- Associated Press - Thursday, January 25, 2018

Argus Leader, Sioux Falls, Jan. 19

Allow craft brewers to let their business flow

There are a flurry of proposed changes and updates to South Dakota liquor laws that will be debated this legislative session, and at least one seems like a simple and needed fix: the outdated and prohibitive limits on beer production.

Many of our state’s craft brewers object to the arbitrary 5,000-barrels-a-year ceiling and want lawmakers to raise their allowable production cap.

And why wouldn’t they? These are businesses, after all. And we live in a pro-business state. One that also happens to have what is becoming an annual tax revenue shortfall. Our state is missing an opportunity to take its “experience economy” up a notch.

Reduced wild game populations and other tourism challenges should push us to find other smart revenue-builders. Our fast-growing brewery scene is ripe for the support.

A recent trip to Montana, where microbreweries have become tourism hotspots, inspired Governor Dennis Daugaard’s effort to create more growth opportunities for South Dakota’s burgeoning small brewers.

Among multiple possible bills to amend standing law - including two from the Department of Revenue and one directly from the governor’s office - are provisions to allow microbreweries to produce up to six times the current number of barrels while keeping their taprooms open and maintaining their option to sell wine and cider with a license.

Ready to grow, South Dakota craft brewers back alcohol law overhaul

“Everybody’s doing it” isn’t necessarily a sound justification for policy change, but current state law puts our brewers at a distinct disadvantage compared to our neighbors. Minnesota and Nebraska’s barrel limits for smaller brewers stand at 20,000. Iowa sets no cap.

And in our seven-state border region, only South Dakota and Nebraska forbid small breweries from self-distributing without a wholesaler middleman.

As South Dakota faces continued budget shortfalls, the economic impact other states can attribute to craft breweries (and their growing younger consumer demographic) looks enticing.

Not everyone is rooting for upstarts such as Fernson Brewing in Sioux Falls or Spearfish’s Crow Peak to shed their shackles. Opposing interests, specifically distributors and their lobbies, will play a large part in whether these bills advance to become signed law or sink to 41st-day oblivion.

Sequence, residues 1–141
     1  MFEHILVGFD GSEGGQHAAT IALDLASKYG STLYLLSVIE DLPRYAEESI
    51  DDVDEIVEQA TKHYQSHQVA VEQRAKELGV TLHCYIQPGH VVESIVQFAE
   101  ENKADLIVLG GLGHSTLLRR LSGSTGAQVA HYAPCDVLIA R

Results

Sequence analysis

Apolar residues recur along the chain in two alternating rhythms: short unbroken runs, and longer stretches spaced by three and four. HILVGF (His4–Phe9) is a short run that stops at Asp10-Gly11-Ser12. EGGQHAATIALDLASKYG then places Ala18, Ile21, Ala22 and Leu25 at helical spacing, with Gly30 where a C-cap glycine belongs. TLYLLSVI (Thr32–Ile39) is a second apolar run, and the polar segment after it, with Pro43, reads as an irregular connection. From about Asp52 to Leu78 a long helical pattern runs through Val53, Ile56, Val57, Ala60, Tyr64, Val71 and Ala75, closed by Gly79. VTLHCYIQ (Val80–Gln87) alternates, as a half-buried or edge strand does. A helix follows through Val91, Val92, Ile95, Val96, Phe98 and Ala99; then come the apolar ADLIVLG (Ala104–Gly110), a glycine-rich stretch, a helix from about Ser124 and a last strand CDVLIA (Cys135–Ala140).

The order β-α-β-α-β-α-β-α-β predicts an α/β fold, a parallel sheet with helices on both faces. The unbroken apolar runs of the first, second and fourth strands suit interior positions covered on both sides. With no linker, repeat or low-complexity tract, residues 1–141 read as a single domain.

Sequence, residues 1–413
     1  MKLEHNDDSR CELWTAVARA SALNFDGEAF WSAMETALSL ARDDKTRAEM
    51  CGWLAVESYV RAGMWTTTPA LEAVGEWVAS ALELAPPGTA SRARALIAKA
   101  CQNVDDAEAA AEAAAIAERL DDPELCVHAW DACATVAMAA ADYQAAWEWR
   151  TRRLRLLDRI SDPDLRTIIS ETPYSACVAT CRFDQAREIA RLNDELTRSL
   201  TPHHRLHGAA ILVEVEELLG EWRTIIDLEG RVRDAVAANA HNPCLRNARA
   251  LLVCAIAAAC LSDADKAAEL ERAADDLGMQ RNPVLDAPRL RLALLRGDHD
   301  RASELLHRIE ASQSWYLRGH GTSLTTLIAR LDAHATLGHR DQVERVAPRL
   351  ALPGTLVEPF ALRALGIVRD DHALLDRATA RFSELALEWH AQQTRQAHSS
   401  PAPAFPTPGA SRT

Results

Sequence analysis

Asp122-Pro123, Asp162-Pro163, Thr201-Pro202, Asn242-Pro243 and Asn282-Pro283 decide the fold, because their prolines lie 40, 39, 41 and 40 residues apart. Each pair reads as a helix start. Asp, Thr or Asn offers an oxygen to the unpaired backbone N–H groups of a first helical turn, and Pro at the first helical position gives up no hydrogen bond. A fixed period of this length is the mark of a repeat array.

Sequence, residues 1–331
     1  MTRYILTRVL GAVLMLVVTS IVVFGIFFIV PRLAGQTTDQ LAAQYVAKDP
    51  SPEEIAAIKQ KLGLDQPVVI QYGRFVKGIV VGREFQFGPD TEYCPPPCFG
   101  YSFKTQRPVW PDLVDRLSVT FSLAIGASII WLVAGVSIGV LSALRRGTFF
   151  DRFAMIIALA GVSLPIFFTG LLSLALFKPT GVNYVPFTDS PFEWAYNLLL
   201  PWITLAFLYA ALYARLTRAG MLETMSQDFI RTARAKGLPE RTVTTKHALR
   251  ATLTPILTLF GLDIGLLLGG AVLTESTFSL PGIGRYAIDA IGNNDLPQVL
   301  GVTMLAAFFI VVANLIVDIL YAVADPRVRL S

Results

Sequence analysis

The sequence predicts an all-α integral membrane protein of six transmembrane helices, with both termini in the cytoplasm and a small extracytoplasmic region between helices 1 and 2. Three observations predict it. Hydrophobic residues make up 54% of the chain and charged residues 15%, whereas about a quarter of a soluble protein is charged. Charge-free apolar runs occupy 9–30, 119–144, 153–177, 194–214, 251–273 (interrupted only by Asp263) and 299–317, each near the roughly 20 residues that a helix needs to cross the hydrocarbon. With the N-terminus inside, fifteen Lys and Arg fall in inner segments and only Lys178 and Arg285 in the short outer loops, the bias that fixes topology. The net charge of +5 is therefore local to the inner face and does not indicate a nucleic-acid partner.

South Dakota’s current three-tiered system of alcohol distribution - manufacturer to wholesaler to retailer - was mandated post-Prohibition. Inserting protective layers between distillers and consumers was intended to cut back on intemperate overindulgence by limiting large brewers’ control of the market.

Over time, however, some distributors have essentially become extensions of the largest manufacturers. While these distributors can help craft brewers get their products onto retailers’ shelves, they can likewise be a barrier and a cost that some small businesses might be hard-pressed to absorb.

Consider also that large breweries are developing products meant to directly compete with craft beers. Several registered lobbyists in Pierre list out-of-state behemoths like MillerCoors and Anheuser-Busch Companies as employers.

More recent additions to the lobbying directory: Fernson Brewing and the South Dakota Craft Brewers Guild, looking to exert their own influence in the capitol.

For states like South Dakota with part-time lawmakers who have minimal staff, lobbyists are a tempting and omnipresent source of topical expertise.

Stakeholders also occupy legislative seats. District 12 Representative Arch Beal and first-term District 13 Senator Jack Kolbeck, both of Beal Distributing, sit on Commerce and Energy committees. The House committee is currently considering the proposed liquor law reforms.

Without recusal requirements to keep legislators from voting on policy that directly affects their business or industry, bad optics at the very least are the result. These conflicts of interest are in no way confined to members employed in the alcoholic beverage industry, but consider this issue a timely microcosm.

With multiple proposals on tap, the battles have just begun.


The Daily Leader, Madison, Jan. 24

Mad Labs will be an exciting project